FIG. 12 a illustrates the morphology of a field activated EAM-based actuator 1205 of bubble type according to one embodiment of the invention. Here, an EAP membrane 1220, shaped as a truncated sphere (or similar bubble-like shape), is attached to a rigid mounting material 1230. According to one embodiment of the invention, a pneumatic pressure bias is used to create the convex shape of the EAP membrane 1220. An electric field across the EAP membrane 1220 causes the membrane 1220 to expand from its initial (inactivated) morphology. FIG. 12 b illustrates such an activated state. For example, such actuators can be used to create localized pressure points on the body.

FIG. 13 shows a field activated EAM-based actuator 1305 of cymbal type according to one embodiment of the invention. Multilayered EAM strips 1320 are here located between two flexible, cymbal-shaped interface elements 630. When activated, i.e. in response to an electric field across the EAM strips 1320, the strips 1320 contract or expand and pull/push the interface elements 1330 inwards or outwards as indicated by the arrows. Thereby, a pressure can be applied via first and second contact surfaces 1335 a and 1335 b respectively, which are located at the distal ends of the interface elements 1330. Preferably, the interface elements 1330 are flexible and the EAM strips 1320 are oriented with their longest sides parallel to a symmetry axis of the interface elements 1330, i.e. according to a layered structure as illustrated in the FIG. 13.

FIG. 14 a shows a perspective view of another cymbal type of field activated EAM-based actuator 1405, which may be used in a device according to the invention. FIG. 14 b shows a sectional side view of this actuator 1405. Here, two interface surfaces 1435 a and 1435 b are interconnected by means of a number of flexible members 1430, which in turn, are attached to an EAM piece 1420 located between the interface surfaces 1435 a and 1435 b. Thereby, upon activation of the actuator 1405, so that the EAM piece 1420 expands E, the interface surfaces 1435 a and 1435 b move toward one another DE (essentially along their symmetry axes). Analogous thereto, upon activation of the actuator 1405, so that the EAM piece 1420 instead contracts C, the interface surfaces 1435 a and 1435 b are separated from one another DC (essentially along their symmetry axes). Hence, a desired pressure can be created towards a body part through transformation of the basic material movement of the EAM piece 1420.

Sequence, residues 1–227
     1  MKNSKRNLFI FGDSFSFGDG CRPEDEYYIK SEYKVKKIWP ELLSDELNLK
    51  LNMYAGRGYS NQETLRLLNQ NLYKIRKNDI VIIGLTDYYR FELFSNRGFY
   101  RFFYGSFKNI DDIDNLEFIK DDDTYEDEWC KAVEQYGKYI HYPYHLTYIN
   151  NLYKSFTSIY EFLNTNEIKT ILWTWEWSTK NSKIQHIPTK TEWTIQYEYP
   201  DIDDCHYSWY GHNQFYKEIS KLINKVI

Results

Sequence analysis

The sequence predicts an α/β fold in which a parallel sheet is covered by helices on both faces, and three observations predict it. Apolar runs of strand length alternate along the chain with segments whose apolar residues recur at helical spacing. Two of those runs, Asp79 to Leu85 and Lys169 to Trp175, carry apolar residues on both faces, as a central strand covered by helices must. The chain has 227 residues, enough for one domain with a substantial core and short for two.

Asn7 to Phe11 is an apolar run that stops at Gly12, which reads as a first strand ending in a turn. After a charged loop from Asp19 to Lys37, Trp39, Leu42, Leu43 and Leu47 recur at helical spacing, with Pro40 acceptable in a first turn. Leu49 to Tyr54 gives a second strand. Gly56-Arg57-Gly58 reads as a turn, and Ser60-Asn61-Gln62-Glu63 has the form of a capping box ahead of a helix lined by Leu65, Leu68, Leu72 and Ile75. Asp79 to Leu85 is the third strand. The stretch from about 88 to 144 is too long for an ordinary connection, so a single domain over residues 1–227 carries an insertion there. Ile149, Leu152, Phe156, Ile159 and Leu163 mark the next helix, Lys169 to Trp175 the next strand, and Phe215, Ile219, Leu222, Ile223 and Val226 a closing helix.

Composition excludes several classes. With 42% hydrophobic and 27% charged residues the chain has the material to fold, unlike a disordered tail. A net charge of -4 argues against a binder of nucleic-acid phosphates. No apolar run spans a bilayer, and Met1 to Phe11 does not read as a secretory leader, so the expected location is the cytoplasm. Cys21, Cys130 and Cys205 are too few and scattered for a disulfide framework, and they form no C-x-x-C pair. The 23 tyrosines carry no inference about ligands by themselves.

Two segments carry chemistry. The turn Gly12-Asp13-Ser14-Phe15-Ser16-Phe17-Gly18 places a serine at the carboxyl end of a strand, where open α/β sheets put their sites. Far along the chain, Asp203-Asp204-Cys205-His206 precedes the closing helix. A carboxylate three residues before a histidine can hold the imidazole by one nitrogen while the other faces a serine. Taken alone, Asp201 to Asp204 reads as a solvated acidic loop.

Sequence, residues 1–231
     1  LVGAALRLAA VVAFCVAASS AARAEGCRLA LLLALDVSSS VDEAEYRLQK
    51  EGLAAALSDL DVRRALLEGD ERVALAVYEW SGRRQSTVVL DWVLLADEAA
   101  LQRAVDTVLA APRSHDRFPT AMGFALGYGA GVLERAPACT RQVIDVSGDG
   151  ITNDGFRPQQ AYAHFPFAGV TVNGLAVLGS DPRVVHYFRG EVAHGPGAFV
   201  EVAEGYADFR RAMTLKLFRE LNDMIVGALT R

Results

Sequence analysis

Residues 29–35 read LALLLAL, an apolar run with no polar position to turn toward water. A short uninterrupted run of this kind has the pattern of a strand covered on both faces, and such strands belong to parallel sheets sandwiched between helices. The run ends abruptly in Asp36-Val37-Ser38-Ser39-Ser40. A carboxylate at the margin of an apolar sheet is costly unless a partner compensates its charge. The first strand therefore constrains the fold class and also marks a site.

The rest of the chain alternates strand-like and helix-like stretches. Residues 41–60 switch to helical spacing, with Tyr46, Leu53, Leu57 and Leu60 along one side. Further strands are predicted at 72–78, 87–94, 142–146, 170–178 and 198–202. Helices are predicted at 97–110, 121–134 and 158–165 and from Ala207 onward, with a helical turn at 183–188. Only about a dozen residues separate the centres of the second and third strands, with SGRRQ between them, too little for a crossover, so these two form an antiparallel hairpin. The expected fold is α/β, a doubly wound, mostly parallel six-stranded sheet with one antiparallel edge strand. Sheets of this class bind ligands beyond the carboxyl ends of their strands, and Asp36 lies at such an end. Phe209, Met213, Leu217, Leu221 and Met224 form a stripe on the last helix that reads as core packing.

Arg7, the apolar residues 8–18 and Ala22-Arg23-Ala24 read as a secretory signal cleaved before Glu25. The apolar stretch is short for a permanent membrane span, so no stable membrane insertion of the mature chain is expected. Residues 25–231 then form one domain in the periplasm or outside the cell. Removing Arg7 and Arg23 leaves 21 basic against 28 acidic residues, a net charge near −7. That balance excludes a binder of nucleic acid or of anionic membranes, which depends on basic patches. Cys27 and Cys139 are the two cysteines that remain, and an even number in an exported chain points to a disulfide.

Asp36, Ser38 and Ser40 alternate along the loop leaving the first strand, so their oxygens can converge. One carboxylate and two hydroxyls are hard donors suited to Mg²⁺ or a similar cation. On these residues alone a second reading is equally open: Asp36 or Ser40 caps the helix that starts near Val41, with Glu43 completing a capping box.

FIG. 15 a illustrates a basic morphology of an ionic EAM-based actuator 1505 according to one embodiment of the invention. Ionic electroactive materials are characterized in that actuator systems based on them contain ions and that migration of these ions occurs under the influence of voltage potentials applied between electrodes 1510 and 1520 within the system. The ion migration, in turn, causes swelling or shrinking of the actuator. There are many designs based on the concept of electrically induced ionic migration. Some exemplary designs, which may be used according to the invention will be discussed below with reference to FIGS. 16 to 17.

In similarity with field activated EAMs, ionic electroactive material reactions are reversible. Therefore, actuators based on ionic EAMs can also be used as various types of sensors and energy accumulators.

Returning now to FIG. 15 a, conducting polymer actuators generally have an ion reservoir, such as an electrolyte 1550 (in the form of a liquid, a gel or a solid), which separates a working electrode 1510 and a counter electrode 1520. The working electrode 1510 usually includes the EAM (i.e. the conducting polymer). Also the counter electrode 1520 may include an EAM, however usually different from the EAM of the working electrode 1510. The counter electrode 1520 may thus include a naturally conducting material, such as a metal or a graphite film. Moreover, the counter electrode 1520 may be made from nanocomposites, fabricated to have both high conductivity and low mechanical stiffness.

The working electrode 1510 may likewise include a composite of active materials and passive materials. In such cases, the passive materials are normally included to improve the conductive properties of the working electrode 1510 while not impeding movement of the electrode during operation. Also here, conductive nanocomposites represent a viable option for lamination with the conducting polymer material.

In some cases, a reference electrode 1530 is present in the electrolyte 1550 to ensure that desired voltage potentials are maintained at appropriate levels at the other electrodes 1510 and 1520 during operation of the actuator 1505. When the voltage potentials of the electrodes 1510 and 1520 are varied, the electroactive polymer can undergo oxidation or reduction reactions. Large electric fields are generated at the interfaces between the electrodes 1510 and 1520 respectively and the electrolyte 1550. This causes ion migration across the interfaces. Ions within the EAM can initiate conformational change of the crystallographic structures of the material, or they may take up interstitial spaces in the material and cause it to swell. If ions are extracted from the EAM in the working electrode 1510 due to migration, the working electrode 1510 may shrink. Depending on the counter electrode material, reactions at the electrode 1520 may or may not result in another usable shape change in respect of this electrode. The details of the entire actuator system (such as the specific EAMs, electrolyte and counter electrode properties) together dictate the final response of the system during operation.